In regard to the last point, the author has found only one case where a court has found a constructive trust existed over an animal, namely Creative Animal Talent v. Woodley, 2010 BCSC 358 (CanLII). In that matter, the agreement between the parties was that the defendant would invest time, money and effort in training the animals – which animals were purchased by the plaintiff. This resulted in an increase in value of the animals. The defendant then refused to return the animals to the plaintiff. The court found that the defendant had a constructive trust interest over the animals, and furthermore, stated that “Where the defendant declines to return an animal owned by the plaintiff, the loss to the plaintiff must be calculated by deducting the value of the defendant’s interest in the animal by way of constructive trust.”

The court stated further “that the defendant had an interest in the animals by way of constructive trust in an amount equal to the increase in value that resulted from the time and expense expended by the defendant on that animal, as per the “value received” approach …”The court therefore held that “the plaintiff can recover the original purchase price of those animals which he rightfully owned but which were retained by the defendant.”

It follows that theoretically, a constructive trust interest over an animal may be claimed. If this is so, then in theory, a spouse may proceed to rely on equitable principles to prove that they are entitled to possession and ownership of the dog – despite the fact that the other spouse also has an interest therein.

In this regard, in Rawluk v. Rawluk, 1990 CanLII 152 (SCC), [1990] 1 S.C.R. 70 (S.C.C.), at 97 the Supreme Court of Canada stated that: “The review of the cases decided by this Court from Murdoch v. Murdoch supra [1973 CanLII 193 (SCC), [1975] 1 S.C.R. 423], to Sorochan, supra [1986 CanLII 23 (SCC), [1986] 2 S.C.R. 38], demonstrates the importance that has been attached to the use of the remedy of constructive trust to achieve a division of property that is as just and equitable as possible. A marital relationship is founded on love and trust. It brings together two people who strive and sacrifice to attain common goals for the benefit of both partners. When it is terminated and acquired assets are to be divided, then in this of all relationships the concept of fairness should predominate in making decisions as to ownership. This was the fundamental equitable principle underlying the application of the constructive trust remedy to matrimonial cases.”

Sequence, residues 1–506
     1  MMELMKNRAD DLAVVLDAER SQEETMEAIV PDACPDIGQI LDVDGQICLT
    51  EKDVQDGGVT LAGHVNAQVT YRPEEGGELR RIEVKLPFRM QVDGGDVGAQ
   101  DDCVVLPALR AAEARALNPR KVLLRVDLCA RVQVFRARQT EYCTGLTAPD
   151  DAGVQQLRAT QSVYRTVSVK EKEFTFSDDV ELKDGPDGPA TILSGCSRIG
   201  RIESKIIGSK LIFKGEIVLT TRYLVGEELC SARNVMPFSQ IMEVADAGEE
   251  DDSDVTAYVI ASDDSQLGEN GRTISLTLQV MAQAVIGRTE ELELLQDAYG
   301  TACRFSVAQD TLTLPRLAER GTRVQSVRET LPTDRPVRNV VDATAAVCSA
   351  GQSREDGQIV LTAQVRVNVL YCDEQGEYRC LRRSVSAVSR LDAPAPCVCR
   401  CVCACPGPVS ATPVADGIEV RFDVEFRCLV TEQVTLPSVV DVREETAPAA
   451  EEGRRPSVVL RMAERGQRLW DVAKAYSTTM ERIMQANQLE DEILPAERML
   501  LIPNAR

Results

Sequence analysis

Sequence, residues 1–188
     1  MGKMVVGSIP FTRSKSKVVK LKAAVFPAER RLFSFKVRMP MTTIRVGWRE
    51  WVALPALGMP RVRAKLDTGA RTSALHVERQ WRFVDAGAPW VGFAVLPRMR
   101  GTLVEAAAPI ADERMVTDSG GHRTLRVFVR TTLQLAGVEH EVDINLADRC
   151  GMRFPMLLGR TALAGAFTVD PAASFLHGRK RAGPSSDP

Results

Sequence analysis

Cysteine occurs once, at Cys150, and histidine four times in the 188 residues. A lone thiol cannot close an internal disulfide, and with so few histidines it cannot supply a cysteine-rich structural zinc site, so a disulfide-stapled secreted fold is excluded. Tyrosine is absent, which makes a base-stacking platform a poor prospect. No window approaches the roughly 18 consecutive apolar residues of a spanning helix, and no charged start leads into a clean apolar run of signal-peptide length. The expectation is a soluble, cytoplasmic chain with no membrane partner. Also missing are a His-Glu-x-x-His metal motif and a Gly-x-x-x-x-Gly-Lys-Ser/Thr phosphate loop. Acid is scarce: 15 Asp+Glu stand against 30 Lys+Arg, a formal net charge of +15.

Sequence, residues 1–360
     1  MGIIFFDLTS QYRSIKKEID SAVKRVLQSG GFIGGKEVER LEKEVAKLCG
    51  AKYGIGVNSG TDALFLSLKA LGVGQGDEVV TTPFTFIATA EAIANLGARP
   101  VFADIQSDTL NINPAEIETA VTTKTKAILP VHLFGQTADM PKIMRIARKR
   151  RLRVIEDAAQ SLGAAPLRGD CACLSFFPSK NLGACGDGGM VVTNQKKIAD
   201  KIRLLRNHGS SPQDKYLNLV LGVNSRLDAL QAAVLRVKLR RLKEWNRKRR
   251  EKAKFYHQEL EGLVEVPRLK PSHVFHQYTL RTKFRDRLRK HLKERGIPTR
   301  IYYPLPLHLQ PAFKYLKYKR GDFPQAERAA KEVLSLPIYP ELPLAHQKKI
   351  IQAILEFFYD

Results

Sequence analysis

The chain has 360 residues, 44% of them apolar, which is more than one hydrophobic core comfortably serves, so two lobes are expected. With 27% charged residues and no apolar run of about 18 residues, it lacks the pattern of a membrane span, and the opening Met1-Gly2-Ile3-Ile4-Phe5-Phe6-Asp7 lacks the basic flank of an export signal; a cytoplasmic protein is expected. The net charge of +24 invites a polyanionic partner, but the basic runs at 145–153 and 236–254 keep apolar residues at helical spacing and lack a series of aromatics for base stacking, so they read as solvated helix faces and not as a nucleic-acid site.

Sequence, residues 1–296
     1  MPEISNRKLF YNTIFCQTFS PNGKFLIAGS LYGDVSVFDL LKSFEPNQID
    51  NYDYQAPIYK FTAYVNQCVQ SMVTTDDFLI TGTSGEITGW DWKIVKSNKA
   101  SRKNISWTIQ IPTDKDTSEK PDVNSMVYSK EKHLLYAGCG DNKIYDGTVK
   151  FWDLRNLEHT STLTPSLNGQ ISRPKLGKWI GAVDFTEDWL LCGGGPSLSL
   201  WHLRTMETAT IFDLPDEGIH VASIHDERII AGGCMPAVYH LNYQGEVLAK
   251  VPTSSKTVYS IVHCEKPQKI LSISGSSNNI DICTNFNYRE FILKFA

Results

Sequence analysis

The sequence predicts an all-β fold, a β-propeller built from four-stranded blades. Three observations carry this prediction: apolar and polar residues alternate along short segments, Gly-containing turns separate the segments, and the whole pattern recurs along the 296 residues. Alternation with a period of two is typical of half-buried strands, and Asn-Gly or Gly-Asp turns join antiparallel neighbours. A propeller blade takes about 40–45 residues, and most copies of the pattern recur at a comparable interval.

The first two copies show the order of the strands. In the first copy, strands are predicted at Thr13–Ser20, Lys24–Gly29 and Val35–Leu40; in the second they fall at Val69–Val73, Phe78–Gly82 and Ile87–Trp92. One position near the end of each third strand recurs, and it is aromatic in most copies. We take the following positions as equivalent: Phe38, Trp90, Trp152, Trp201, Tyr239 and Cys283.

Therefore, if there is a constructive trust interest in the dog – despite the interest of the other party, the court may take into account what is fair overall in deciding who should actually take possession of the dog – though this does not appear to have been explicitly decided in regard to animals in case-law.

However, if one party is entitled to ownership of the dog, it seems that that the other party may not claim from that party in regard to expenses paid while they still had possession of the dog – as they were receiving the benefit of the dog’s companionship during the relevant time, and a valid reason existed for the payment, namely to keep the dog alive and healthy, so that they could continue to enjoy the dog’s companionship.

This is similar to cases which have noted that there is no enrichment where a person handles day-to-day expenses and chores in regard to the property of another, but in turn receives the benefit of living rent-free in the same accommodation. In such a situation, the person is simply being a “thoughtful guest”, and this does not give rise to enrichment. [See, for example, Rubin v. Gendemann, 2011 ABQB 71 (CanLII) at paras 130, 149, 156 and 176; Freake v. Riley, 2010 ABQB 562 (CanLII) at para 11].

Equally so, in the present situation, the spouse in possession of the dog is simply being a “thoughtful possessor” of the dog by expending on its day-to-day needs and would be doing so simply because of his or her possession of the dog. Indeed, much like a person who lives rent-free at a property is expected to pay certain expenses without something in return, a person who has possession and the companionship of another’s dog can be expected to take care of its day-to-day expenses without receiving anything in return. This is insufficient to establish enrichment, as no special and extraordinary expenses would have been paid for the dog with a view to the future, and instead, only the present needs of the dog during the time they were in possession were provided for.

In addition, the party who eventually receives ownership of the dog would also not be enriched in the above situation (as the expenses would not really increase the monetary value of the dog itself). Therefore, the situation can be distinguished from those where the animal was trained and increased in value because of the efforts of another party (as in the British Columbia case quoted earlier).


The case studies show that while dog owners may view their furry friends as family, the courts still see pets as property.

What is intriguing is that animal abuse laws consider animals to be more than property, leading to a situation where one court will view a dog as property while another views the same dog as having value beyond that of simple property.

Given the increasing frequency with which courts are faced with marital and relationship breakdowns involving dogs, it would seem prudent for courts to reconsider the stance on “pets as property” and give due consideration to the new role dogs hold in our society as more than pets.